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Last update: 23 january 2019 | SRPMs: 18475 | Visits: 12886980
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S:0.16-alt1.2

Group :: Development/Perl
RPM: perl-Math-Decimal64

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Current version: 0.16-alt1.2
Build date: 10 january 2019, 17:35 ( 1.9 weeks ago )
Size: 49.68 Kb

Home page:   http://search.cpan.org/dist/Math-Decimal64/

License: perl
Summary: (alpha) perl interface to C's _Decimal64 operations.
Description:

Note that this module is alpha software. It seems to work ok
  for me on MS Windows (compiling with gcc-4.6.3, gcc-4.7.0)
  but, at time of release, is untested elsewhere.

  Math::Decimal64 supports up to 16 decimal digits of significand
  (mantissa) and an exponent range of -383 to +384.
  The smallest expressable value is -9.999999999999999e384 (which
  is also equivalent to -9999999999999999e369).
  The largest expressable value is 9.999999999999999e384 (which
  also equivalent to 9999999999999999e369).
  The closest we can get to zero is (plus or minus) 1e-384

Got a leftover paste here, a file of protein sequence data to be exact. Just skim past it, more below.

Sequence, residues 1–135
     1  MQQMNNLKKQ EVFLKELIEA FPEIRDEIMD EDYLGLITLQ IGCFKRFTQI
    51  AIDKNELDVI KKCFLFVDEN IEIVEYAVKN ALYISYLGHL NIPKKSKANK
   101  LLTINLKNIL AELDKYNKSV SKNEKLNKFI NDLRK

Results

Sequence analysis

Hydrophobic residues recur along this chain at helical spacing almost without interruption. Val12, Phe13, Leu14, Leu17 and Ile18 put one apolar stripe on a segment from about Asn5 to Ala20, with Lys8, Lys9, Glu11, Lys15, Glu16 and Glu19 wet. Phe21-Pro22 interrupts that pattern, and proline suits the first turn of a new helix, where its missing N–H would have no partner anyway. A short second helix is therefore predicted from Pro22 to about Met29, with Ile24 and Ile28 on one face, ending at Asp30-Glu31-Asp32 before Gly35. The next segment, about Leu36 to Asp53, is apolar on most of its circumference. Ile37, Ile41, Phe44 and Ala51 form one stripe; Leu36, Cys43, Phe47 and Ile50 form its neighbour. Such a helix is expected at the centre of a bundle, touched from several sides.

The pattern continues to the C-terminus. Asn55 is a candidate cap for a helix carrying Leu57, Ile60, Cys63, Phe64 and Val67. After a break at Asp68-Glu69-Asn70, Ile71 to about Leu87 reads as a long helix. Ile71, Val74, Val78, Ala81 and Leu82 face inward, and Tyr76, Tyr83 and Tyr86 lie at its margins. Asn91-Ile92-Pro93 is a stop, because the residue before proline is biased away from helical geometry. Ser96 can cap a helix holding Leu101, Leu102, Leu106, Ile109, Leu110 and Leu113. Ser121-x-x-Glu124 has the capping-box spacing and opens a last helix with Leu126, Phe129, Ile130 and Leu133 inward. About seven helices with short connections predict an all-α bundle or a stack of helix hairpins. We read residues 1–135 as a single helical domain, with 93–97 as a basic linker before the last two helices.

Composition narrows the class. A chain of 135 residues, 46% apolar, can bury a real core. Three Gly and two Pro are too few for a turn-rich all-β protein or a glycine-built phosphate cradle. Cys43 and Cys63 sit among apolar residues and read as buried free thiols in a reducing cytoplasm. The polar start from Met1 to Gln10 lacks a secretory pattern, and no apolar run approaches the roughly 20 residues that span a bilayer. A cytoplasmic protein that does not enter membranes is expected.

(which is also equivalent to 1000000000000000e-399).

  This module allows decimal floating point arithmetic via
  operator overloading - see "OVERLOADING".

  In the documentation that follows, "$mantissa" is a perl scalar
  holding a string of up to 16 decimal digits:
   $mantissa = '1234';
   $mantissa = '1234567890123456';

  For many values, it normally shouldn't matter if $mantissa is
  assigned as a number:
   $mantissa = 1234;      # should work ok.

  But on some perls there are values that *need* to be assigned
  as a string. For example, on perls where nvtype is an 8 byte
  'double':
   $mantissa = '-9307199254740993'; # works fine
   $mantissa = -9307199254740993;   # will assign wrong value

  So ... where you see "$mantissa" in the following docs, think
  *string* of up to 16 decimal digits".

Current maintainer: Igor Vlasenko

List of contributors

List of rpms provided by this srpm:

  • perl-Math-Decimal64
  • perl-Math-Decimal64-debuginfo
ACL:
     
    design & coding: Vladimir Lettiev aka crux © 2004-2005, Andrew Avramenko aka liks © 2007-2008
    current maintainer: Michael Shigorin